With its tropical climate and lush vegetation, Uganda offers the perfect environment for growing coffee beans; it is therefore not surprising that coffee production is one of the country’s major sources of income. Not only is Uganda the largest producer of Robusta coffee in Africa, it also produces excellent – even award-winning – Arabica.
The coffee factory
Simon Lévelt has been buying coffee from Kawacom for years; we have always had a very good working relationship, so when Kawacom wanted to obtain UTZ certification back in 2002, we were happy to provide assistance.
The organic Arabica coffee we buy from Kawacom is grown by small coffee farmers in the Bugisu region of eastern Uganda. Previously, each farmer used to process their own coffee beans, which led to inconsistent quality. In order to improve the overall quality of the coffee beans, Kawacom and Simon Lévelt decided in 2008 to jointly invest in central coffee processing facilities. In addition they started providing training for the coffee farmers on how to correctly pick the beans, among other things.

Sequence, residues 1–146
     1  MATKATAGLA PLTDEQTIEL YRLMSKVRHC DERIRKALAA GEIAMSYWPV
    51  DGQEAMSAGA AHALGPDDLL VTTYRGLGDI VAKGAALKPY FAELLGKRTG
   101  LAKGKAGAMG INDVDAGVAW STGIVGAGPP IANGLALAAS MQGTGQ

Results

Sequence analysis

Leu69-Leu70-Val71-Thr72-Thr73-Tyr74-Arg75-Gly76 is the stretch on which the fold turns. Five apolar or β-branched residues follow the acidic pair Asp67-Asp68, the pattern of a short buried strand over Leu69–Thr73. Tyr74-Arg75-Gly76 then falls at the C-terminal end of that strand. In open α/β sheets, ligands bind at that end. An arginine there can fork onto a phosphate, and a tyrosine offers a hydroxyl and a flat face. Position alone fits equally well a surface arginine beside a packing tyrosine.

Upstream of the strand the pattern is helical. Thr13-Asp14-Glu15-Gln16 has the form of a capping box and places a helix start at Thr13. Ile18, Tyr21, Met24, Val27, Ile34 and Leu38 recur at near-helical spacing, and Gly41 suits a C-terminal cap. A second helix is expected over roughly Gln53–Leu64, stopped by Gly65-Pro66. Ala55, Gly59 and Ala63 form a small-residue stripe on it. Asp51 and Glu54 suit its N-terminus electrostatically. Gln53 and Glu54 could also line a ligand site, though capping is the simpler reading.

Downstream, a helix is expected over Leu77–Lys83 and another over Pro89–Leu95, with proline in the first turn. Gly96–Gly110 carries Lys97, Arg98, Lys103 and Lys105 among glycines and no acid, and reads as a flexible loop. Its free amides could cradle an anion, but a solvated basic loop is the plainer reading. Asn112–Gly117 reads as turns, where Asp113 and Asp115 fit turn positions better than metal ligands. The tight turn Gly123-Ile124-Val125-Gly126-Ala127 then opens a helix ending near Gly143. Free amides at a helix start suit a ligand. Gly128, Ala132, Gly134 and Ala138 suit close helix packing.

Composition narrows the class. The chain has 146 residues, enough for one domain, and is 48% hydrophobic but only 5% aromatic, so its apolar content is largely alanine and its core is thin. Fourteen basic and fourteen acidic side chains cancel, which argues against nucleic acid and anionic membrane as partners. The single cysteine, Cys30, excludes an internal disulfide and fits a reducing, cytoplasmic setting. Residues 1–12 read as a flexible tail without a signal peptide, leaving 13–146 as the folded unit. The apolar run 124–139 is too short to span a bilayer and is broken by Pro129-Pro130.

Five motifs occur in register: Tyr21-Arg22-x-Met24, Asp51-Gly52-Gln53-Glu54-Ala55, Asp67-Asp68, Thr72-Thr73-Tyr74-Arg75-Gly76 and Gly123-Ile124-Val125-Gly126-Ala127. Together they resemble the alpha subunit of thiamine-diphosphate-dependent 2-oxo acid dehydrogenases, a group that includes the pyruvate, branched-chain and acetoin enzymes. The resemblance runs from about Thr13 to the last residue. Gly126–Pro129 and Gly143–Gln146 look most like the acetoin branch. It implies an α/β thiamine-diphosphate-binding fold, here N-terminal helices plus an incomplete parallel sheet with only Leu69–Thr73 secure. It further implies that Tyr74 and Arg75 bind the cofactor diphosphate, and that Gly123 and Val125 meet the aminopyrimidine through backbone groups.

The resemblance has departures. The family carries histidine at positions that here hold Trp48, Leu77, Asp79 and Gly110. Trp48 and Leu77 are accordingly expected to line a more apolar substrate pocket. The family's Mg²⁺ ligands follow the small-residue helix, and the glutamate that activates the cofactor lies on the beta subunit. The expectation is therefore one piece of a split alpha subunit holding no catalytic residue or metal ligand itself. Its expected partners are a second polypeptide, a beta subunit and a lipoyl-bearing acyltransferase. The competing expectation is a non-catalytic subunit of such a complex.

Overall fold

The coffee farmers
The coffee farmers that are associated with the coffee facilities can sell their harvest, or a part of it, to the processing facilities. The farmers that are based nearby transport their coffee to the processing facilities either on foot, with a (rented) donkey or on a moped. For the more distant villages there is a small truck that will pick up the beans on fixed days. The coffee beans are weighed, inspected and paid for at various pick-up points.
The coffee berries have to be processed within 8 hours of picking. First, they are sorted in water; unripe berries, twigs and leaves float up and are removed. The ripe berries, which sink to the bottom, go to the pulper to remove the outer skin and the pulp. The skin and pulp are collected and composted. The remaining coffee beans, with parchment, are carried on by the water to one of the soaking tanks, where they remain for 8 to 10 hours. In these tanks, the slimy mucilage layer is removed by fermentation. After this process the coffee beans are ready to be dried.
The beans are left to dry on patios in the sun first, followed by 30-48 hours in the dryer. Kawacom’s two dryers are heated with the parchment from coffee beans from the factory in Kampala. The dried coffee beans are manually sorted one last time to make sure there are no residual pieces of skin and damaged beans.
The water for processing the coffee beans is filtered using volcanic rock. Afterwards it flows to a basin with papyrus sedge, which reduces the acidity of the water. Once the water has the correct acidity it is drained off into the nearby river.
This project, a cooperation between Simon Lévelt and Kawacom, has led to a better price for the farmers, environmentally friendly processing and delicious coffee.